Atwell S.,Eli Lilly and Company |
Brouillette C.G.,University of Alabama at Birmingham |
Conners K.,Eli Lilly and Company |
Emtage S.,Eli Lilly and Company |
And 14 more authors.
Protein Engineering, Design and Selection | Year: 2010
Upon removal of the regulatory insert (RI), the first nucleotide binding domain (NBD1) of human cystic fibrosis transmembrane conductance regulator (CFTR) can be heterologously expressed and purified in a form that remains stable without solubilizing mutations, stabilizing agents or the regulatory extension (RE). This protein, NBD1 387-646(Δ405-436), crystallizes as a homodimer with a head-to-tail association equivalent to the active conformation observed for NBDs from symmetric ATP transporters. The 1.7- resolution X-ray structure shows how ATP occupies the signature LSGGQ half-site in CFTR NBD1. The ΔF508 version of this protein also crystallizes as a homodimer and differs from the wild-type structure only in the vicinity of the disease-causing F508 deletion. A slightly longer construct crystallizes as a monomer. Comparisons of the homodimer structure with this and previously published monomeric structures show that the main effect of ATP binding at the signature site is to order the residues immediately preceding the signature sequence, residues 542-547, in a conformation compatible with nucleotide binding. These residues likely interact with a transmembrane domain intracellular loop in the full-length CFTR channel. The experiments described here show that removing the RI from NBD1 converts it into a well-behaved protein amenable to biophysical studies yielding deeper insights into CFTR function. © The Author 2010. Source
Wang C.,Columbia University |
Protasevich I.,University of Alabama at Birmingham |
Yang Z.,University of Alabama at Birmingham |
Seehausen D.,Columbia University |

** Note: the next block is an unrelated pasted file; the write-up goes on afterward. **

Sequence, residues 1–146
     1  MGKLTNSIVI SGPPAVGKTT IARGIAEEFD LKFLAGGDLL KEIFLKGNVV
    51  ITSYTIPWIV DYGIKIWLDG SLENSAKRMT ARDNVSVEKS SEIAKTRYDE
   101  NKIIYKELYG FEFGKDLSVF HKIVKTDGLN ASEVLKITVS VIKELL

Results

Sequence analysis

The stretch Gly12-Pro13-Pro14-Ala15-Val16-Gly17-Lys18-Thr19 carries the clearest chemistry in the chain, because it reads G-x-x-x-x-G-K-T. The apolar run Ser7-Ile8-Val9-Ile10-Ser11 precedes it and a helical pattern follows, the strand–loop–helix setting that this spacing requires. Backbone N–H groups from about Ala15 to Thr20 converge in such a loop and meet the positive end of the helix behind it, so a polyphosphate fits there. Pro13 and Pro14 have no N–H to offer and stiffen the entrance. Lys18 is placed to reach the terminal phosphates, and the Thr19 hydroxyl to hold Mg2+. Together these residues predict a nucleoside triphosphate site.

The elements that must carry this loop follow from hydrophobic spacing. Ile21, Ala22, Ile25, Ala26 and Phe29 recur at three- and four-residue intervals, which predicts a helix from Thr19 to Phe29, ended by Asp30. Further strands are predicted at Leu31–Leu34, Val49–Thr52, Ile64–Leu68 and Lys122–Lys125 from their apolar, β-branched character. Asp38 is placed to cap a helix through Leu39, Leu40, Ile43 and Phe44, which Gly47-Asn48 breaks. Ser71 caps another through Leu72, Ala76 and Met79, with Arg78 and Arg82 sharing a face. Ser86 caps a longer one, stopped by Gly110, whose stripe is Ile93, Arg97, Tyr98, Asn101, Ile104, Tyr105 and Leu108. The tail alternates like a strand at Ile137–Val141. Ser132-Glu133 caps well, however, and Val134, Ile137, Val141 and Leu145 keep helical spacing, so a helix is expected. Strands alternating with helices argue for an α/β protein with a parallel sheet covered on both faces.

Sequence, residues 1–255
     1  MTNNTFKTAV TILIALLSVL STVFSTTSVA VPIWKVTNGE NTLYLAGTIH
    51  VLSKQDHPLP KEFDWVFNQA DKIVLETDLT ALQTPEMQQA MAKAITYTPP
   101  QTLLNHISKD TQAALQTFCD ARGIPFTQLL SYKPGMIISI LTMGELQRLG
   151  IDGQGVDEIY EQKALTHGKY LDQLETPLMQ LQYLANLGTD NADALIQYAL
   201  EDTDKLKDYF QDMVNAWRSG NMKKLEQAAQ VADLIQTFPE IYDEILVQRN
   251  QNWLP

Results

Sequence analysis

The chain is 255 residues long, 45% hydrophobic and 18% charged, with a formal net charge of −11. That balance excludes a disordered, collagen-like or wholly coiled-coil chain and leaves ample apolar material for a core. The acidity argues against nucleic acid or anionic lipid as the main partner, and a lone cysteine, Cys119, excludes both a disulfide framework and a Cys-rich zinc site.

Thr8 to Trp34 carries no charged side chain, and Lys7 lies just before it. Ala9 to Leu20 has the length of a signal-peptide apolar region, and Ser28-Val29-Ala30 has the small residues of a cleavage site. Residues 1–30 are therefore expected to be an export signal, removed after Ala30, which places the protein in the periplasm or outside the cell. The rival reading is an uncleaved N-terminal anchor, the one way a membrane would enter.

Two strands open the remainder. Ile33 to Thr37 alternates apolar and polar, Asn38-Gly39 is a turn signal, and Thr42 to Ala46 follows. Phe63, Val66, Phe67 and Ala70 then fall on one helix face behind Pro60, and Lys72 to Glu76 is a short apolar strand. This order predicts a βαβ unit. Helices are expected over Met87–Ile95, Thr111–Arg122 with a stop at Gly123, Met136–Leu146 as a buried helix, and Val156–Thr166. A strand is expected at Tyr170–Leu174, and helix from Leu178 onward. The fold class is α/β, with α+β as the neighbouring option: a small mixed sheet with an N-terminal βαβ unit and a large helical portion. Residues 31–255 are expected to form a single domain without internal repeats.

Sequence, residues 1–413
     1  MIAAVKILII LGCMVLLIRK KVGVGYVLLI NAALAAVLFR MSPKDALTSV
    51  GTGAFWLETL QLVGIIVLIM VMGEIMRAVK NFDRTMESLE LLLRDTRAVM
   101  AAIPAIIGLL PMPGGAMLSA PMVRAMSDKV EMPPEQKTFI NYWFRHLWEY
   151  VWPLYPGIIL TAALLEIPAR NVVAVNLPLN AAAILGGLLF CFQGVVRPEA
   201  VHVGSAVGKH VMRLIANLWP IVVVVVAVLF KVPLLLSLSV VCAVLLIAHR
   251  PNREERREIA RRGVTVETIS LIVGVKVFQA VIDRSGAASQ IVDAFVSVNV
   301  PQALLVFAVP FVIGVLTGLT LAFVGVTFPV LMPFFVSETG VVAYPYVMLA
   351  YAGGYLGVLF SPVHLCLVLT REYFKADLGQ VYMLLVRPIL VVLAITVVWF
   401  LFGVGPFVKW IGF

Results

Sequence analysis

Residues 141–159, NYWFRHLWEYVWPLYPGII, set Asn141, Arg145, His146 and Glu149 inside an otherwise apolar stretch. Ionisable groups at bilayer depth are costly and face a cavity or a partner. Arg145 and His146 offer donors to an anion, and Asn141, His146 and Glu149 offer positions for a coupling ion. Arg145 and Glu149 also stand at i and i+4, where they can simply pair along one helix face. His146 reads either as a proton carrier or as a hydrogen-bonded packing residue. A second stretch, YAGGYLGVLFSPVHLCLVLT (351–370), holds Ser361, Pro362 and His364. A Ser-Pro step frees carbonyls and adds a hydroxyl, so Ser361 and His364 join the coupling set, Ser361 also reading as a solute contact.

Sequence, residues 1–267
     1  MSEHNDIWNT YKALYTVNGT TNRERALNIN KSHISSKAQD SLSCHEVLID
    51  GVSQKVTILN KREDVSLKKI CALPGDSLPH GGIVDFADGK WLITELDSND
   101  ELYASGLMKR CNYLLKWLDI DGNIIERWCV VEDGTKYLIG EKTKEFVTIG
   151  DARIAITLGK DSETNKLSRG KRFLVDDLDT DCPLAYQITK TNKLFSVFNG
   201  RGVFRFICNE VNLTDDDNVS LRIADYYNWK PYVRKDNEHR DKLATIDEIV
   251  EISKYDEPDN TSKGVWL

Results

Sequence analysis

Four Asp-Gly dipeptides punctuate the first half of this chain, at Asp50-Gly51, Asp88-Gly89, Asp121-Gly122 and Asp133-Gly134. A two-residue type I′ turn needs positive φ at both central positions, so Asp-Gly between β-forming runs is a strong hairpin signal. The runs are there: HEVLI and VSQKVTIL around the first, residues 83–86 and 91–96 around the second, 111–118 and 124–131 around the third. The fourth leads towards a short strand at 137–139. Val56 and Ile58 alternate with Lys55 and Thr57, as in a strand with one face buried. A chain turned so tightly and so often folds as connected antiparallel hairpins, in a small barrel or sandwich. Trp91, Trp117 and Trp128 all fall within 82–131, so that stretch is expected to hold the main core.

And 11 more authors.
Protein Science | Year: 2010
The lethal genetic disease cystic fibrosis is caused predominantly by in-frame deletion of phenylalanine 508 in the cystic fibrosis transmembrane conductance regulator (CFTR). F508 is located in the first nucleotide-binding domain (NBD1) of CFTR, which functions as an ATP-gated chloride channel on the cell surface. The F508del mutation blocks CFTR export to the surface due to aberrant retention in the endoplasmic reticulum. While it was assumed that F508del interferes with NBD1 folding, biophysical studies of purified NBD1 have given conflicting results concerning the mutation's influence on domain folding and stability. We have conducted isothermal (this paper) and thermal (accompanying paper) denaturation studies of human NBD1 using a variety of biophysical techniques, including simultaneous circular dichroism, intrinsic fluorescence, and static light-scattering measurements. These studies show that, in the absence of ATP, NBD1 unfolds via two sequential conformational transitions. The first, which is strongly influenced by F508del, involves partial unfolding and leads to aggregation accompanied by an increase in tryptophan fluorescence. The second, which is not significantly influenced by F508del, involves full unfolding of NBD1. Mg-ATP binding delays the first transition, thereby offsetting the effect of F508del on domain stability. Evidence suggests that the initial partial unfolding transition is partially responsible for the poor in vitro solubility of human NBD1. Second-site mutations that increase the solubility of isolated F508del-NBD1 in vitro and suppress the trafficking defect of intact F508del-CFTR in vivo also stabilize the protein against this transition, supporting the hypothesize that it is responsible for the pathological trafficking of F508del-CFTR. © 2010 The Protein Society. Source